Beautiful and Horrifying: Lori McNulty on Where the Two Meet
Lori McNulty's Life on Mars is being praised as is "ferocious fiction from a new master witness of life on Earth.” Don't miss her conversation with Trevor Corkum about her stories' collision, the force of tragicomedy, and the power of the short story form.
Short stories feature prominently in her list for us which meditates on what she terms "the relentlessly beautiful and horrifying in Canadian literature," in which we're given a taste of her fantastic prose.
Man Descending, by Guy Vanderhaeghe
You don’t need to have studied existential philosophy to be riveted by Guy Vanderhaeghe’s debut short fiction collection. Influenced by the work of Søren Kierkegaard, the author explores a cast of beautiful losers. In “The Watcher” we experience the tense power play between Grandma Bradley and her unwelcome “hoity-toity” houseguest, seen through the eyes of a perceptive eleven-year-old boy. The boy’s simmering anger leads to a shocking encounter between he and Stanley the Rooster, evoking an exquisite balance of the brutal and beautiful.
Monkey Beach, by Eden Robinson
Set in Kitamaat Village, Monkey Beach is a tense, gripping tale of a volatile childhood seen through the eyes of Lisa Marie Hill, a young woman gifted with a a profound seeing, or supernatural access to the world. Lisa Marie's brother, Jimmy, has gone missing at sea. Robinson keeps the reader on the edge of heartbreak and suspense with a masterful expression of Haisla mysticism, humour, and haunting trauma, to produce a novel as equally moving as devastating.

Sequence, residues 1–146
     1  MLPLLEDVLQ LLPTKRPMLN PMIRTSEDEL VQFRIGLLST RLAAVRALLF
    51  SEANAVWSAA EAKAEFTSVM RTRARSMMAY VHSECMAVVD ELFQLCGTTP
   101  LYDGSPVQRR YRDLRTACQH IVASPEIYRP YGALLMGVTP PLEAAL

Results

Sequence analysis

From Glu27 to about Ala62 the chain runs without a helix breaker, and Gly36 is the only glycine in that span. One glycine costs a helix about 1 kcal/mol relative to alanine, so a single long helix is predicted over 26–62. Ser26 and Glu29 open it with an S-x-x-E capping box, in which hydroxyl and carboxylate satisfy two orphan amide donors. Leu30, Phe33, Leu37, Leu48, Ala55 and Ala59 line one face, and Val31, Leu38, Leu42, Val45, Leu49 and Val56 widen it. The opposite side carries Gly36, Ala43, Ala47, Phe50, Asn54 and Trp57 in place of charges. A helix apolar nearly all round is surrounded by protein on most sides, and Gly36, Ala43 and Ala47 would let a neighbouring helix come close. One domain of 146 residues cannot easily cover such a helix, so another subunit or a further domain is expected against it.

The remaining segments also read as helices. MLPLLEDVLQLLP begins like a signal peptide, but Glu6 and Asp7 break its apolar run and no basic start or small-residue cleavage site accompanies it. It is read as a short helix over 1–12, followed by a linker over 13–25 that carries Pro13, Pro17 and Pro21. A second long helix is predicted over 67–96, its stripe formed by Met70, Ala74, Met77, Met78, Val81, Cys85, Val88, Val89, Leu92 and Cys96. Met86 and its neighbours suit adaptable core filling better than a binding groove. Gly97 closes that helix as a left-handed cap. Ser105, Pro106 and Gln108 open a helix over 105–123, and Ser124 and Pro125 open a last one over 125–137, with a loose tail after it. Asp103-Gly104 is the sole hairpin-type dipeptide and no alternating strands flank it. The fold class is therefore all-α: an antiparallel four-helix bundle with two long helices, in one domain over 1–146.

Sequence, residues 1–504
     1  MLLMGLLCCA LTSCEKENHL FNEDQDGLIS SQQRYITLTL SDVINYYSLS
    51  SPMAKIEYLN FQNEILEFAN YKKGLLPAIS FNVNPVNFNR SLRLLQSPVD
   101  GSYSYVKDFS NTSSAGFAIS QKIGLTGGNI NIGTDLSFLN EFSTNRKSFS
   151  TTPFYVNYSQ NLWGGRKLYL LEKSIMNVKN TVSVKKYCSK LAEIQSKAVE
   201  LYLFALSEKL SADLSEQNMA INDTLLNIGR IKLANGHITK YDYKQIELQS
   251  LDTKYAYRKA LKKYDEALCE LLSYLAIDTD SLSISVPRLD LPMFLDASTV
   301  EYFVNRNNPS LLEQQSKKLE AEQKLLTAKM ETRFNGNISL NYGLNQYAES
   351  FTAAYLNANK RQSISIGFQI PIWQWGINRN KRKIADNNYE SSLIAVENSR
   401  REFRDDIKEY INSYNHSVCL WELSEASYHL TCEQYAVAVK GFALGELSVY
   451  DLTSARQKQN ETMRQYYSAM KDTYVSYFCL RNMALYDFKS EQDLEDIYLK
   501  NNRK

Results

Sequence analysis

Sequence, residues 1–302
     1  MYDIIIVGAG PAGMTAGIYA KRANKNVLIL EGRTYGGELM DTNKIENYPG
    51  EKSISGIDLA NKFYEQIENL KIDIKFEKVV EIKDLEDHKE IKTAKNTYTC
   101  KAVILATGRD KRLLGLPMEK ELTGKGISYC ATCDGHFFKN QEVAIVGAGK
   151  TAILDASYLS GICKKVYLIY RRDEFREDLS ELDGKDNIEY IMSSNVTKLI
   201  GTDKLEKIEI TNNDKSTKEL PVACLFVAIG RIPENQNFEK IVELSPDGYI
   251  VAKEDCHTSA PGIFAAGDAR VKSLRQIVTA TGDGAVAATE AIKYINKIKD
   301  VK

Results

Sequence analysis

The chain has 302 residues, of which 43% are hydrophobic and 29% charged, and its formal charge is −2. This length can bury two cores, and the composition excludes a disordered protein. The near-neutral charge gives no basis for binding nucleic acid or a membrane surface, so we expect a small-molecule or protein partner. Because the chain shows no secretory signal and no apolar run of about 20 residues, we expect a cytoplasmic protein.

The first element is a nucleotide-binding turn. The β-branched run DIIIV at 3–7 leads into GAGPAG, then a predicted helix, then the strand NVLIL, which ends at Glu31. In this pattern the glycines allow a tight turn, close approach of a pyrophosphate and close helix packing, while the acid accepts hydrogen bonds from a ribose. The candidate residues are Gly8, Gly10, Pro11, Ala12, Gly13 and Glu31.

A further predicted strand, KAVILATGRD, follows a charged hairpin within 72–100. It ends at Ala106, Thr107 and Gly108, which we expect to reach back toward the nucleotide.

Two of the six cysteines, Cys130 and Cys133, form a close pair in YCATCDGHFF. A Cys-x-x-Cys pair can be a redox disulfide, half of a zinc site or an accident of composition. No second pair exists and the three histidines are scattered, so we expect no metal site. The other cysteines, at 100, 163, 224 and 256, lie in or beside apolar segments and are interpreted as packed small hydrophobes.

A Fine Balance, by Rohinton Mistry
Mistry’s novel may be entirely responsible for my love affair with India—the glorious, the corrupt, the spiritual, the yearning, and desperately tragic. The setting is India during “the Emergency” declared by Prime Minister Indira Gandhi in 1975, when civil liberties were suspended, opponents imprisoned, and the press censored. Sound familiar? His novel captures the sorrow and humanity of India’s poor following four characters acting against a wider context of corruption, violence, and absurdity. It’s a devastating, relentless struggle for survival. Once this book took hold of me, it never let me go.
There Is a Season, by Patrick Lane
A memoir in a garden sounds like a dalliance through a blooming tulip patch, but Patrick Lane’s haunting life sketch is visceral and elegiac. As Lane digs into his enchanting and elaborate West Coast garden, we delve into pain, murder, death, alcoholism and drug abuse, following the jarring rhythms of a life that is so raw and painful, the poet’s body seems to break open between our hands.
“The past hurls itself at me at times. My bones remember the water and the stones. I grew my body from that mountain earth, and my cells remember the cactus and pines, the lilies and grasses. I am as much blessed as burdened by this.”
Clara Callan, by Richard Wright
Should authors be free to write characters with a different race, gender, sexuality, or cultural background than their own? For me, Richard Wright settled the question for good. His nuanced portrait of two complicated, small-town women—Clara and her exotic sister Nora—is an extraordinary study in both courage and containment. The rape of Clara by a passing vagrant and her subsequent loss of faith is captured with such sublime, ineffable prose that the work was a breakthrough moment for me as a writer. Fiction is an imaginative act, creating a world beyond our experience. Though we may fail in conjuring a life experience outside our own (an “outside” that has no simple boundary), we must not be prohibited from making a respectful attempt.
The Collected Works of Billy the Kid: Left-Handed Poems, by Michael Ondaatje